Earlier this week at the COP19 two activists unfurled a small “unapproved” banner with an environmental message on it. They didn’t disrupt anyone. They unfurled it as attendees were applauding a speech. Nevertheless, they were escorted out past numerous “approved” corporate banners that hung virtually everywhere inside the conference space.  The two activists punishment? They were booted out of the conference altogether and forbidden to return. But the corporate banners, and corporate lobbyists, of course, could stay.


The COP19 official poster, and a poster at the conference sporting corporate sponsor logos, including Emirates and Ikea (photo sources: 1. United Nations 2.

“How does a corporation get pruned?” you might ask. That’s a good question. It’s a concept that we’re no longer familiar with in this post-economic meltdown age of “Too Big to Fail” and enormous tax-payer bailouts. But pruning corporations that got too big for their breeches used to be the norm in the good old USA. Government recognized the dangers of monopoly (it’s not just a board game) and enforced anti-trust law to guard against it. Take the example of AT&T. Not so many decades ago,  the AT&T Corporation controlled almost all of the telephone service in the United States under the umbrella of the Bell System. In 1974, the U.S. Department of Justice filed a lawsuit against AT&T alleging that they were operating a monopoly in violation of antitrust law.


The Bell System logo

After lengthy court battles the Department of Justice finally won, and in 1982 the Bell System was broken up into seven separate companies. That’s how they used to handle corporations that got “Too Big to Fail.” They broke them apart. If Microsoft and Facebook and Monsanto had been around in the 1970’s, government would have taken a sledgehammer to them.

But we live in a different time today. Corporations are now people, and since obesity is on the rise it just makes sense that our Corporations would get bigger and bigger and bigger. But people getting bigger and bigger isn’t healthy or sustainable, and corporations getting bigger and bigger isn’t either.

But let’s go with the Supreme Court’s decision that a corporation is a person. If corporations are people, then they aren’t normal, healthy, functional human beings with moral centers, good character, and a strong conscience. They aren’t right where they need to be size-wize, according to the BMI chart for companies. They are overweight and amoral at best. If they are people at all, they most resemble the sociopath and/or psychopath. You should think of them like a Serial Killer. That’s right. Like a Jeffrey Dahmer or Ted Bundy.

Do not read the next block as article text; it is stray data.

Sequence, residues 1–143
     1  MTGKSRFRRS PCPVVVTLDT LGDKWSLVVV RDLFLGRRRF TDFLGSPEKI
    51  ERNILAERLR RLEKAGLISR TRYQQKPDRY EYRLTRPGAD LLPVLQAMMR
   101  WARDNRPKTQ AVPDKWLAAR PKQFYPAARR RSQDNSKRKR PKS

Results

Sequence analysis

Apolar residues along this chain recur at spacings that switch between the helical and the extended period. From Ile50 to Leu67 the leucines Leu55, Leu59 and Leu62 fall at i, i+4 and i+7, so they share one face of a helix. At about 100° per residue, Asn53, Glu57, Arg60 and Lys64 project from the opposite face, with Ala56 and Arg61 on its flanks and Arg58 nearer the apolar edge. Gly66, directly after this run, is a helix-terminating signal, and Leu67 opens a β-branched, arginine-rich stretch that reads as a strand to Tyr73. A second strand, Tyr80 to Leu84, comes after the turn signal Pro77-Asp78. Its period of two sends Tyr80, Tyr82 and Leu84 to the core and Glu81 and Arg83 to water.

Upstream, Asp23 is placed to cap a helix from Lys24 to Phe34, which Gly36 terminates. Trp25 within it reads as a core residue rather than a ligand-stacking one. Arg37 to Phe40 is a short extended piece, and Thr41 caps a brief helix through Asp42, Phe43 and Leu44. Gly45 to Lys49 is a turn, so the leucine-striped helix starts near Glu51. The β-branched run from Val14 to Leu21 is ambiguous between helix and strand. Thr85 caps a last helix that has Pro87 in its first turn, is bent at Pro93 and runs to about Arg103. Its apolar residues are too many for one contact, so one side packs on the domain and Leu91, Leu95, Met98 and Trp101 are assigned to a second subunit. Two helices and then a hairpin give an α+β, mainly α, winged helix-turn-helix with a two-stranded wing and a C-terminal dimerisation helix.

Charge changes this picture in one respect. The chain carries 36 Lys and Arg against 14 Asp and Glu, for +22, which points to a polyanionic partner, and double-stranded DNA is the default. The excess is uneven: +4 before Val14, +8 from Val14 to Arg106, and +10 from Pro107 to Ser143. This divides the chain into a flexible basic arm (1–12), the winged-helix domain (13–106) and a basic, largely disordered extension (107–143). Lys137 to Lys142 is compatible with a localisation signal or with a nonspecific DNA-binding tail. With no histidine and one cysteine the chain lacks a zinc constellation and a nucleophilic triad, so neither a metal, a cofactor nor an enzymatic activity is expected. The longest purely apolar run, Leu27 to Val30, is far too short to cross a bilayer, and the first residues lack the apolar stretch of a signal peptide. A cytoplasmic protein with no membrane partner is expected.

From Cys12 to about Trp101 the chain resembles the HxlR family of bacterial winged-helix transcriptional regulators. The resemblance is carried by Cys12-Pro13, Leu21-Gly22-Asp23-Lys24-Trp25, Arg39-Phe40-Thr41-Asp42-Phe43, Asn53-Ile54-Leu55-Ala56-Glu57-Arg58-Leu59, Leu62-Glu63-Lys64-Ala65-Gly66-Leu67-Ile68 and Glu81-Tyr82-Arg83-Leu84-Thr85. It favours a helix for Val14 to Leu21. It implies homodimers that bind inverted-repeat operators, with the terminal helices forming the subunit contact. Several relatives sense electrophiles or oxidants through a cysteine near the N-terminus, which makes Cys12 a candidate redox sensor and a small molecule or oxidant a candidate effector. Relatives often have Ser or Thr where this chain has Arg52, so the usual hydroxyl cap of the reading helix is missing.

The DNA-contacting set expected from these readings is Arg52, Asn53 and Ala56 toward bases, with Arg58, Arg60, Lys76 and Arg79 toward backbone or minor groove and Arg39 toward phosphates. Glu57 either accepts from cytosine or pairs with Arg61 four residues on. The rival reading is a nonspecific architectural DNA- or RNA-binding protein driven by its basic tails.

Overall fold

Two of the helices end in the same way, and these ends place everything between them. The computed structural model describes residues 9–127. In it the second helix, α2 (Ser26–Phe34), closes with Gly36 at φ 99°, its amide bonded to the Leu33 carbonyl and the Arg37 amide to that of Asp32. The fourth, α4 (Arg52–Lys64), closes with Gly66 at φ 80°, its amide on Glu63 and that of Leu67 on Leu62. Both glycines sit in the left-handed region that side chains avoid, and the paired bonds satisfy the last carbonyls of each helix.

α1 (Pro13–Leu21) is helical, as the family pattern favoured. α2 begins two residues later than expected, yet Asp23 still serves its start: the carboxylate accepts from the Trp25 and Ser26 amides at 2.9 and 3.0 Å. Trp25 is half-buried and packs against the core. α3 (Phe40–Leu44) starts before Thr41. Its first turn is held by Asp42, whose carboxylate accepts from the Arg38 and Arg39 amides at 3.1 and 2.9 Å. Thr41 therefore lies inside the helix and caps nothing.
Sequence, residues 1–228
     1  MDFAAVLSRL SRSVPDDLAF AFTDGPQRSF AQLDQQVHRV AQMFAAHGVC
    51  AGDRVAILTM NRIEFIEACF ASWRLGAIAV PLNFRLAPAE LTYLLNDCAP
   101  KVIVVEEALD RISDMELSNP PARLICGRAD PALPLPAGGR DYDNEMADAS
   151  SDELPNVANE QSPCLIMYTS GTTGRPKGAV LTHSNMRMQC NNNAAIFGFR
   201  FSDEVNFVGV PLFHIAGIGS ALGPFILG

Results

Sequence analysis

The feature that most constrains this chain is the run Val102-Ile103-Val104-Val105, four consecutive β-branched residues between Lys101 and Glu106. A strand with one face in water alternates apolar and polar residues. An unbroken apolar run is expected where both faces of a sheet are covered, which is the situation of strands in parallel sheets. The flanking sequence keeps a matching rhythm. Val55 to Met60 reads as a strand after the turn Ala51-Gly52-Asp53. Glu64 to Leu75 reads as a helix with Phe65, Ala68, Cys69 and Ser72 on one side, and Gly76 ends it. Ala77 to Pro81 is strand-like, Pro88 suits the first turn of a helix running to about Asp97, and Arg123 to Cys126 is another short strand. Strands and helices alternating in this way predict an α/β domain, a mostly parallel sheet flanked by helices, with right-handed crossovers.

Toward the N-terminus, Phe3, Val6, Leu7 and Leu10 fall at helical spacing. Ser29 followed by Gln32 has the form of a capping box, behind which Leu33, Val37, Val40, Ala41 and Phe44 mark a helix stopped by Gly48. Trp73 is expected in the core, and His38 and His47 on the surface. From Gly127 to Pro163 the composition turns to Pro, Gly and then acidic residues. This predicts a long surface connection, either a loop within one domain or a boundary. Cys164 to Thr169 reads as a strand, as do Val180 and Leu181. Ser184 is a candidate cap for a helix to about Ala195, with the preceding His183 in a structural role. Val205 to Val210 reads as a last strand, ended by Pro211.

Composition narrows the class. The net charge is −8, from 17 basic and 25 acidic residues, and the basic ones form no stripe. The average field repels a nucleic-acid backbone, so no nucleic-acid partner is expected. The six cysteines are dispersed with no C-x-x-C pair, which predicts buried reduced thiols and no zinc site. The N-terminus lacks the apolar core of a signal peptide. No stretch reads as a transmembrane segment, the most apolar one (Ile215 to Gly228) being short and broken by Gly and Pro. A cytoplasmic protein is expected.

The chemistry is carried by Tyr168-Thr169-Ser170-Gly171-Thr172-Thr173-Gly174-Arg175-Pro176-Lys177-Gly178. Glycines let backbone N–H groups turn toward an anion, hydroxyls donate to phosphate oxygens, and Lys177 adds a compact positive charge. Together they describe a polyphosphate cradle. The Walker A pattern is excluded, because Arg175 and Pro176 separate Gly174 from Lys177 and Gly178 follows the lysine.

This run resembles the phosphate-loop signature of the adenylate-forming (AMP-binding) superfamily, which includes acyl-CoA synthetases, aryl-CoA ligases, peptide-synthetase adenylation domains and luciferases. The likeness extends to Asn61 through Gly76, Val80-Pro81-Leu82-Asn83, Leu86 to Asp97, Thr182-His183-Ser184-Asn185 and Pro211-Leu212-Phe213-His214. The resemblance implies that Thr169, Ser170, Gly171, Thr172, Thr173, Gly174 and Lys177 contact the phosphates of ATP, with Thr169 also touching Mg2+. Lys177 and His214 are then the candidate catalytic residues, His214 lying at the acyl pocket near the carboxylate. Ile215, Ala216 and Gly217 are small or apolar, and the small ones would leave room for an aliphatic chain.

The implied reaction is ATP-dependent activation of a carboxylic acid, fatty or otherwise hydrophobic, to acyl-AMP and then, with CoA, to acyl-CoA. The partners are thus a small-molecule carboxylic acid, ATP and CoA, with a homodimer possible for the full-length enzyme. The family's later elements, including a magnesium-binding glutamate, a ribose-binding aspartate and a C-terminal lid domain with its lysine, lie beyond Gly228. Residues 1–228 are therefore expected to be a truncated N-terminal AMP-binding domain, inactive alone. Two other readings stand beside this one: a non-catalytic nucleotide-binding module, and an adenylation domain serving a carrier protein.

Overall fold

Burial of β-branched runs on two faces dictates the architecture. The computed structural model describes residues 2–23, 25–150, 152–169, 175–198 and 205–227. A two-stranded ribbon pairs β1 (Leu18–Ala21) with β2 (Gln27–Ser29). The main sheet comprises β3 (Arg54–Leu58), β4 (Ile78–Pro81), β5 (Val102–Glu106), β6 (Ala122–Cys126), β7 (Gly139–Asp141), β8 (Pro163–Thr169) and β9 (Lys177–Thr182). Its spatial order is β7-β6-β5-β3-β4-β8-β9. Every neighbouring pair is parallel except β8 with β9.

Now before you decide I’ve gone too far and click quickly to another favorite blog of yours, consider my argument.

What about all the money corporations give to help the unfortunate? What about their green initiatives and all that other good stuff they do?


Famous BTK serial killer Dennis Rader, now serving 10 consecutive life sentences for his crimes (image

It’s true. Corporations engage in good public relations. But Serial Killers do too. They engage in the same kind of public relations behavior to hide what they are really up to and buy themselves time to allow for the maximum number of victims possible. Take the case of Dennis Rader, more famously known as the BTK Killer. He was married for 34 years, a respected member of his community, an active member of Christ Lutheran Church and President of its’ Congregation Council. He was also secretly killing or attempting to kill scores of  women, all the while bragging of his crimes in anonymous letters sent to police departments and the media.

When neighbors and friends and fellow church-goers of Dennis Rader first found out about his secret life they were shocked and claimed they’d had no idea. But as time went on and people thought about it, there were early signs that something strange was going on inside. As a child he had often tortured animals. And during a stint working as a dog catcher for the local animal shelter he showed an almost obsessive interest in the euthanization of animals. He was always a little bit “off,” despite putting up a good front.

Sounds just like a corporation to me. You think Walmart is all good and fun and then you find out what they are paying their workers.

Dennis Rader showed signs, no matter how hard he tried to convince those around him that he was just like everybody else. How many lives could have been saved if people had just given credence to the signs that were already there, instead of giving poor Dennis the benefit of the doubt.

Similarly, we shouldn’t be fooled by the “benevolent” front put out by corporations. We always need to look for the signs. They reveal a corporations true sociopathic colors.

And the signs are always there. Just look at what’s happening this week and next:

1. Some of the world’s biggest polluters are at work in Warsaw at the U.N. Convention on Climate change, putting their corporate brands on the walls and swag bags and infiltering every discussion with the sickly sweet smiles of lobbyists determined to thwart any real progress on one of the most important issues of our time.

2. Corporate retailers are hijacking Thanksgiving, our one fall holiday where it’s about family and friends and not about buying and selling and giving THINGS. One almost imagines some corporate P.R. jerk coming up with the term THINGSGIVING and turning our November tradition into an all-day shop-athon at the mall.

You probably don’t have to think that hard to come up with many more instances of the corporation acting as psycho/sociopath. Big Pharma, perhaps?


Corporate Creep. Corporate Creeps (otherwise known as lobbyists). Sociopaths. Psychopaths. Serial Killers.

I rest my case.


Protesters at COP19 (

To read the excellent article “CORPORATE LOBBYISTS FLOOD WARSAW CLIMATE TALKS” by Amy Goodman click